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tuna55
tuna55 MegaDork
6/24/24 2:45 p.m.

Finished the audiobook last week: Free Fall in Crimson, by John D MacDonald. This was a pretty sad one. Lots of people died. This is the best of the heartache style. He succeeded, or did he? Did he really help the situation? Would it have been better if he had done nothing? This one aches. Highly recommended. Very real. Very helpless.

P3PPY
P3PPY SuperDork
6/24/24 3:04 p.m.

Alaska by James Michener. Did I mention that already? Because it's a 57 hour audiobook and I'm still reading it. Not even like a quarter through after two weeks. 

Duke
Duke MegaDork
6/25/24 12:54 p.m.
Duke said:

Currently reading The Hidden Girl And Other Stories by Ken Liu.  I picked it up at random because I thought someone in this thread recommended Liu, but it was a few years ago, so I'm not sure.

So far, it's pretty readable.  The stories have all been under 20 pages, so there hasn't been a ton of time in any given story for nuance or character development.  He kind of writes like Neal Stephenson, if Stephenson had any chance of writing short fiction.  However, he's completely devoid of Stephenson's humor, so the stories are a bit dry.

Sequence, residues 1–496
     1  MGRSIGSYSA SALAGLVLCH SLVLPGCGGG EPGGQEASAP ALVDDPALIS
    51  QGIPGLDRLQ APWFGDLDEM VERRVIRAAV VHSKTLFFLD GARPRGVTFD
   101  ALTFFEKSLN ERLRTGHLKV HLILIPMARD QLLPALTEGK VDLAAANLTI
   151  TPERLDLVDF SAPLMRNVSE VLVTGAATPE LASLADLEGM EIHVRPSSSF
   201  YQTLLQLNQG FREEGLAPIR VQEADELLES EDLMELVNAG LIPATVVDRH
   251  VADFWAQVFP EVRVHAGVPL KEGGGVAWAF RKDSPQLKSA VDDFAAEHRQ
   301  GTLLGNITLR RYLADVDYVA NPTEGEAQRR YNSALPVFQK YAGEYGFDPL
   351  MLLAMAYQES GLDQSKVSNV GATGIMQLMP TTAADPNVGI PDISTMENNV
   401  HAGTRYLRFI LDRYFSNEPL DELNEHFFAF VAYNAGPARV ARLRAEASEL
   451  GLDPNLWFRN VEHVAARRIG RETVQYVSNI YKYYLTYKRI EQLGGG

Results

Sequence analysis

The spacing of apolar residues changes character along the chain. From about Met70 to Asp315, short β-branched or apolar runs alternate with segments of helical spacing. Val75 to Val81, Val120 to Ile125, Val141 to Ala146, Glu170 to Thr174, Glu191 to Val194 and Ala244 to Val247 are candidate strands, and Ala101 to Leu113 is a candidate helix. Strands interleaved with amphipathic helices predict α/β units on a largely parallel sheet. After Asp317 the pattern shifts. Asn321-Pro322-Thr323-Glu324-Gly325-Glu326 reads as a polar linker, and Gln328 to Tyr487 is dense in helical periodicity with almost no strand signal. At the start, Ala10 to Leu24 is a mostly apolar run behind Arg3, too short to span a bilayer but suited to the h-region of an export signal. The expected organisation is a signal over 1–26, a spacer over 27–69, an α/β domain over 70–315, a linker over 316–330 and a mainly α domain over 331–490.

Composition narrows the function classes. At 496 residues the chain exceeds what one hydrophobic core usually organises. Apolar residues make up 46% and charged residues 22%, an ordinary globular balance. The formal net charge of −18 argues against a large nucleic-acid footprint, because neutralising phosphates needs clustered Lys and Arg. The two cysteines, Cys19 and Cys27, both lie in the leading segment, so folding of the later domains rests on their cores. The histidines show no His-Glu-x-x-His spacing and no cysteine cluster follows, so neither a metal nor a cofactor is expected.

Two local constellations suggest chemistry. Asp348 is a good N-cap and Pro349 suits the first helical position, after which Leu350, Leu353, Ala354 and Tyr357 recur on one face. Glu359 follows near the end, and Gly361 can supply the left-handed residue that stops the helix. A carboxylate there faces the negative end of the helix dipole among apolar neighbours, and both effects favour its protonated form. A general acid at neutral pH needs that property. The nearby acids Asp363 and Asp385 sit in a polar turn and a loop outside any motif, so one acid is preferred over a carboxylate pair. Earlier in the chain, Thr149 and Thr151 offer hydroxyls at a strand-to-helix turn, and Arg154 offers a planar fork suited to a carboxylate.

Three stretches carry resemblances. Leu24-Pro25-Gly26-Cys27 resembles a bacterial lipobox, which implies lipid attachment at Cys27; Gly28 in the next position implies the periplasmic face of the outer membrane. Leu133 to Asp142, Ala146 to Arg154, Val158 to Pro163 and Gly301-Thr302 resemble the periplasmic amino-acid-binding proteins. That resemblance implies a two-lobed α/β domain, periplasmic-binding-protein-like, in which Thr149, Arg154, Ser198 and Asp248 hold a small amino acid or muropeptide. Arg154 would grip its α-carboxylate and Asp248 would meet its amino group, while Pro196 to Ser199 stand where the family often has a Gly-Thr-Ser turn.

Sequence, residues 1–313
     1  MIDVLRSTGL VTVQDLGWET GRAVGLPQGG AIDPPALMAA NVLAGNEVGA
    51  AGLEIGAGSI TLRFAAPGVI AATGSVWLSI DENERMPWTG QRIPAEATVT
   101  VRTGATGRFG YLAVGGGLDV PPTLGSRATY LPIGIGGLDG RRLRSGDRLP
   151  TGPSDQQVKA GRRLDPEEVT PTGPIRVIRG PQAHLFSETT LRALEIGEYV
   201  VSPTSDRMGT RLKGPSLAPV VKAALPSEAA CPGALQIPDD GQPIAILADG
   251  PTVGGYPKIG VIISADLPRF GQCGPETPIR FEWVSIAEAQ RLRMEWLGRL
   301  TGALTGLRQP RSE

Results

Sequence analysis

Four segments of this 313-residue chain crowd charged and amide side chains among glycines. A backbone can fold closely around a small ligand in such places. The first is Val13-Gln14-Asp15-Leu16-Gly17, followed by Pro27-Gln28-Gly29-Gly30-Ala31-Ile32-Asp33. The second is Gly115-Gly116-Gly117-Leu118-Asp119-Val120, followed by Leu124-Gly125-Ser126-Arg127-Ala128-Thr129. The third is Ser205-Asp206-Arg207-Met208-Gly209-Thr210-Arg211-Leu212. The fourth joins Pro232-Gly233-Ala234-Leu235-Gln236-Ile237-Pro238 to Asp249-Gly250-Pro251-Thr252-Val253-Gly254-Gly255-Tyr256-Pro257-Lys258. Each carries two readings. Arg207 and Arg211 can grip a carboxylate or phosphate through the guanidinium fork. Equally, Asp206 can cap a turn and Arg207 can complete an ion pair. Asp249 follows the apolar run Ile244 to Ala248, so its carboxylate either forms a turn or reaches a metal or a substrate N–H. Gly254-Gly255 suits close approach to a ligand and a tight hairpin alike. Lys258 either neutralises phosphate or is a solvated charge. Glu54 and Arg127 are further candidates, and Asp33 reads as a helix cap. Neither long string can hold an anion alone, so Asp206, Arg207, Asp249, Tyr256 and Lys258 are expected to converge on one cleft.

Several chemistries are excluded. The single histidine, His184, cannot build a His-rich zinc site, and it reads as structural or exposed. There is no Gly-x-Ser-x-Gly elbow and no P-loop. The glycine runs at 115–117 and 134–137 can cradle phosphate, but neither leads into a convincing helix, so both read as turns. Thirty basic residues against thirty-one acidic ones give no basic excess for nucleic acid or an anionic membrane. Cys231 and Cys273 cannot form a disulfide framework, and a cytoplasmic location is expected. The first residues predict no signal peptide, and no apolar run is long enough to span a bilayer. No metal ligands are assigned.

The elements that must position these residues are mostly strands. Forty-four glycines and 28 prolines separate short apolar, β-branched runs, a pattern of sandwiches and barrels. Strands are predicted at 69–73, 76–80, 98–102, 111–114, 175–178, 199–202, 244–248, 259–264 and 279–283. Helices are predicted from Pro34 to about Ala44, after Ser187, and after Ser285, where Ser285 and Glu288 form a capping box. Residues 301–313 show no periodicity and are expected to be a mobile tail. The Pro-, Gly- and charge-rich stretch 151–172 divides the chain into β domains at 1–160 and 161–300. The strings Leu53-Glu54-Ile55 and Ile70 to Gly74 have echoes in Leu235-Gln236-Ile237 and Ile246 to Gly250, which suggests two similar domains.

Finished this book, finally.  Analysis didn't really change.

Liu is American by birth but of Asian descent.  A number of the later stories are very self-consciously Chinese, in a somewhat stereotyped way.  Not to say they are bad stories, or badly written, but they do seem a bit... forced, maybe?  Almost like he felt he had to pay lip service to his own cultural heritage.  Maybe I'm reading too much into it.

 

tuna55
tuna55 MegaDork
6/26/24 8:45 a.m.

Just finished "Ice Run" by Steve Hamilton on audiobook. I like this guy. The protagonist blunders about, always trying to do the right thing, and often getting himself in lots of trouble. He learns a lot, gets humility, and makes a mess. Checks out.

David S. Wallens
David S. Wallens Editorial Director
7/1/24 3:56 p.m.

I picked up “Rebel Girl” by Kathleen Hanna this weekend. I plan to read this after I finish the Johnny Cash autobiography. 

tuna55
tuna55 MegaDork
7/8/24 9:02 a.m.

I have a few to put here.

 

Just finished

 Becoming FDR by Jonathan Darman

 

And it was fantastic. It really brought FDR and Eleanor to life for me. I have a much higher empathy for both people, and their effect on the world based on their background, starting very much like JFK, and ending very differently due to infidelity and then Polio. Eleanor, in particular, was aired out in a way I have not heard before. Incidentally, my only surviving grandparent, my maternal grandfather, voted for FDR as his first vote as an adult.

David S. Wallens
David S. Wallens Editorial Director